The visitors play chess at the London Chess Classic

In the auditorium the crowd sits down waiting for the contest to begin. Nine players are playing in a round-robin tournament, so eight play today and one sits out. The tournament organiser welcomes us and introduces the players. Two jazz musicians play for no particular reason, but we applaud them generously anyway. The eight players sit at four tables on a stage, with a screen above them relaying their moves. The first move is played, a host of photographers snap away for a permitted five minutes, and then fascinatingly three-quarters of the audience leave the room. The reason is to go to another room where commentary is being provided, by grandmaster Nigel Short and the ninth player, Vishy Anand. Around one hundred of us die-hards remain. We like to see our chessplayers live. We like watching people think.

But they do not just sit and think. There is much activity. A player makes his move, then gets up and leaves the stage for refreshment or simply to leave his opponent to contemplate the enormity of the problem set before him alone. Every movement off the board is as much tactics as those at the board. Often they stare at the other games. Magnus Carlsen, with the air of a brooding adolescent (he is only twenty-two) excels at this, looking with passing interest (or is it contempt?) at the struggles of those who share the stage with him. He is an outstanding player. His games are seldom creative masterpieces; instead he simply plays the right move for every occasion, methodically, a little coldly, remorselessly. His opponent, McShane, plays with boldness and imagination, and for a while we sense an upset and our hearts lift. But Carlsen has out-thought his opponent, certainly he has out-thought us all, and unflappably leads McShane to the point of resignation.

In the next-door room the commentators go through innumerable variations on their computer screens, trying to see what each player might play and what would be the implications of this. Of course, Carlsen out-thinks them every time. In 1993 I witnessed the Garry Kasparov-Nigel Short world championship match which was held at the Savoy Theatre in London. We in the audience all had headphones with which to hear the running commentary. The commentator would pronounce a position impossible. “If he moves his knight to f5, then all is lost”. The the player would indeed move his knight to f5, at which point the commentator would suddenly realise the brilliance of the move. The players were simply smarter than those trying to describe how they were thinking. Inevitably we laughed at this, which disturbed the players, and now all is silence in auditorium, no headphones allowed, and commentary takes place in another room.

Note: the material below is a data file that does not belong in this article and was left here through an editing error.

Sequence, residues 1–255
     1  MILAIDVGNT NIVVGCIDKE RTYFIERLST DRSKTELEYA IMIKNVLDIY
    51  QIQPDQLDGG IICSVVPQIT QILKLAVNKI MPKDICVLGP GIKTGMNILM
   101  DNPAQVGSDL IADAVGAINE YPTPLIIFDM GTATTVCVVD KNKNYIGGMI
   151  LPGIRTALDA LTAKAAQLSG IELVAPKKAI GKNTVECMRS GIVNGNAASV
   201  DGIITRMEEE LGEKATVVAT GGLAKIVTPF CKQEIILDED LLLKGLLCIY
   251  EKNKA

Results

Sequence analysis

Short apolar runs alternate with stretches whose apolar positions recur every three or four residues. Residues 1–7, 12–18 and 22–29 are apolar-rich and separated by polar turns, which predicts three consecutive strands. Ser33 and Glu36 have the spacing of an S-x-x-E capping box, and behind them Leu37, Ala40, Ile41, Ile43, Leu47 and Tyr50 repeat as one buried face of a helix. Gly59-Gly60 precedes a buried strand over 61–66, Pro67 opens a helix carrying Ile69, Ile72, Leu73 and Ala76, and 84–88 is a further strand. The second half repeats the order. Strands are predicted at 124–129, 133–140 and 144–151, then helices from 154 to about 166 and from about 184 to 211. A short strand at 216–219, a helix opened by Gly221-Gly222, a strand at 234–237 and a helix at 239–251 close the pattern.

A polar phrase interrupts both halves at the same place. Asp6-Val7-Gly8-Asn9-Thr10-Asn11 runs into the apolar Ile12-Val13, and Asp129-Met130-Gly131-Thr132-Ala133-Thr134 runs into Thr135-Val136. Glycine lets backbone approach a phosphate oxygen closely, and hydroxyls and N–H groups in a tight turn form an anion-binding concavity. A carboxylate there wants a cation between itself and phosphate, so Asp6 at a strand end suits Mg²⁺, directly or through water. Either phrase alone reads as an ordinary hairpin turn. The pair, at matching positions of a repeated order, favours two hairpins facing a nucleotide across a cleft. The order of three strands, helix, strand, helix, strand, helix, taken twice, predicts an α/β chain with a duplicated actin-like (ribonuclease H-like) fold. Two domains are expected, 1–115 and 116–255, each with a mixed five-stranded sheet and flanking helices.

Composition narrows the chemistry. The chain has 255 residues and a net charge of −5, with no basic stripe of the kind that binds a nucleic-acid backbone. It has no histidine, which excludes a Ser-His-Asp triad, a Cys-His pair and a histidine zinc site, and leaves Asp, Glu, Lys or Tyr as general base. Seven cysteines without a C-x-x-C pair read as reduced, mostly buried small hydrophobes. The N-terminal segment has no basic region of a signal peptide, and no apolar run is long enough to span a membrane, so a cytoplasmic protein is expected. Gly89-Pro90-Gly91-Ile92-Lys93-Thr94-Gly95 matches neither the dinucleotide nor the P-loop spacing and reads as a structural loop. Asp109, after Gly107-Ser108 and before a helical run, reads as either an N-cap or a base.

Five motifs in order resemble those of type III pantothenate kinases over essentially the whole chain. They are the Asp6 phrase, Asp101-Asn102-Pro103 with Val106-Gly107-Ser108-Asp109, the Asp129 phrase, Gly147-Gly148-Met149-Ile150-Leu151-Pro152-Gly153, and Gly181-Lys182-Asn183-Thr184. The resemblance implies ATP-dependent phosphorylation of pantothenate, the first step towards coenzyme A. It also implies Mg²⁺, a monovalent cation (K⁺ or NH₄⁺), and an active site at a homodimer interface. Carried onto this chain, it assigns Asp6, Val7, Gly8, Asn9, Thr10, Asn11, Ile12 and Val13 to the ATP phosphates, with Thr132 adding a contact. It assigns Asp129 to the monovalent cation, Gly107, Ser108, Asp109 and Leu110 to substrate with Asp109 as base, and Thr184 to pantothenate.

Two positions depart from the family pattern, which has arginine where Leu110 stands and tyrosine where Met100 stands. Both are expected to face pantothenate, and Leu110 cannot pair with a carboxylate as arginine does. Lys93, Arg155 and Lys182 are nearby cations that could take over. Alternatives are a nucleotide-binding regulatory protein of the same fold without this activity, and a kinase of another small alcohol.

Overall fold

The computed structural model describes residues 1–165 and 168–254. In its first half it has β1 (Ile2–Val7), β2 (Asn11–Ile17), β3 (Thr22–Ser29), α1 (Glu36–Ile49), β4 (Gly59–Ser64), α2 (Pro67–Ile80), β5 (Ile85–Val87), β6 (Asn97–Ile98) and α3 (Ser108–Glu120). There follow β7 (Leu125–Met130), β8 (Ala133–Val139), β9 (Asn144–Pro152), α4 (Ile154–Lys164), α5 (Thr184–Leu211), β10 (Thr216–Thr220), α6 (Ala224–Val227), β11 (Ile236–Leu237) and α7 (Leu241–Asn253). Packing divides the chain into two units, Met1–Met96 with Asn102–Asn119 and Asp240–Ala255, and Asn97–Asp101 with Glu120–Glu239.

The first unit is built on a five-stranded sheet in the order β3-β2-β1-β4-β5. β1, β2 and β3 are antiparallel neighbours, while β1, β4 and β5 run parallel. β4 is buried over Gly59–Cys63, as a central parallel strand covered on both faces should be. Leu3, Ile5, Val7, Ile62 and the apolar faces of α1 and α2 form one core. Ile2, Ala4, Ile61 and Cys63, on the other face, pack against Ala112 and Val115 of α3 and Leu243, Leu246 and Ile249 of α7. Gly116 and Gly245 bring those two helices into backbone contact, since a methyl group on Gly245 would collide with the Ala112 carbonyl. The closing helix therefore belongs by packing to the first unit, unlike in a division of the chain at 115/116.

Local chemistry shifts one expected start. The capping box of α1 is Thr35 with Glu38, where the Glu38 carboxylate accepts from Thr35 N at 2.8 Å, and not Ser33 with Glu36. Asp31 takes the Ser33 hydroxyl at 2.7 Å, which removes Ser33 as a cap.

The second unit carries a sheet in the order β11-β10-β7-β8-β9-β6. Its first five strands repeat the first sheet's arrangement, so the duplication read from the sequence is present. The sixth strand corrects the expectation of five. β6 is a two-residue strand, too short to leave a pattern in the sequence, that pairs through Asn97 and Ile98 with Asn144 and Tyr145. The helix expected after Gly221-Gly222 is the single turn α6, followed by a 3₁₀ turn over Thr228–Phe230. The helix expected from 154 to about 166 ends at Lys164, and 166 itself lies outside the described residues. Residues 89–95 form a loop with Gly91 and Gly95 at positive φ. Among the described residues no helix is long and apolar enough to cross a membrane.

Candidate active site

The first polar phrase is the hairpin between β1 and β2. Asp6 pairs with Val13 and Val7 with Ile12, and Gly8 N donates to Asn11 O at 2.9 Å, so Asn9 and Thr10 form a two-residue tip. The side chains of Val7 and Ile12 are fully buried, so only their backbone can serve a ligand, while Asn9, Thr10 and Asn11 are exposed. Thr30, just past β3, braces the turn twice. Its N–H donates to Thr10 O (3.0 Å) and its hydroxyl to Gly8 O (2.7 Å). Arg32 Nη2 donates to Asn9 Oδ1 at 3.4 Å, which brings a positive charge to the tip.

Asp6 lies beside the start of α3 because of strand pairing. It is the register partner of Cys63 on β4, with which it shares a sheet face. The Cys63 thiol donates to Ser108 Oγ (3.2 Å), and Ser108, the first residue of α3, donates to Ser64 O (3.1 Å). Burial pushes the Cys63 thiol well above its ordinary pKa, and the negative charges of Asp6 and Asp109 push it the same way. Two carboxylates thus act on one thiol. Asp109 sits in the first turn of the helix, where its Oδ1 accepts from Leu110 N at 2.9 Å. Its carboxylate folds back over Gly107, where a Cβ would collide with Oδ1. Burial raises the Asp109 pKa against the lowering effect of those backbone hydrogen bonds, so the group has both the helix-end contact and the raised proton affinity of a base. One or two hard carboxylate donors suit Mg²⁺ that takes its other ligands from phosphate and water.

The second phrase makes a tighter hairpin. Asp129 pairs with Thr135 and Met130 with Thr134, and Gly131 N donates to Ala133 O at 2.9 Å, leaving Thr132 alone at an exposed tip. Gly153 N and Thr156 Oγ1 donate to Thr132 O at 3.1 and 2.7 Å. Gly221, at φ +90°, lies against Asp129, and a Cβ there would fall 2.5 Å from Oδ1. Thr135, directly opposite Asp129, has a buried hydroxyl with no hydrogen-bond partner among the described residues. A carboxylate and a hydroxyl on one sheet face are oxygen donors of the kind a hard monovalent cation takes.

The games begin a little after 2pm, and two of the four games are still running when it is past 7pm. Judit Polgar (who I first saw play as a child prodigy alongside her sisters Susan and Sofia at the Barbican, London in the mid-1980s – they were raised as chess players as an educational experiment by their father László) played boldly but paid heavily for a piece sacrifice and a bold queenside pawn attack, which was calmly eviscerated by Krammik. An exciting game to watch, but one with an inevitable conclusion after a mishandled opening by Polgar. Nakamura somewhat surprisingly beat Aronian. So two games still going after five hours. In other rooms everyone is fixated on the Carlsen-McShane game, hoping against hope that the UK’s McShane (another former child prodigy, now a financial trader most of the time, having bowed out of professional chess) might outsmart the Norwegian. The commentators and analysers replayed move and studied possible continuations. Ah, if only he had played g5 on move 19. Ng6 for black was then forced, when he could have played Bxc7! (exclamation marks in chess annotation indicate a brilliant move), then after 20…Qxc7 21. gxf6 gxf6 Black’s pawn structure would be in a mess and White would have winning chances. Or so we may dream. Chess is as much about what is played between the two personalities as it is between the pieces on the board, and Carlsen looked set to win the game whatever McShane’s romantic strategies. I left at 7.30, not interested in Jones v Adams and certain that McShane had no chance, which indeed proved to be the case. He resigned after move 62.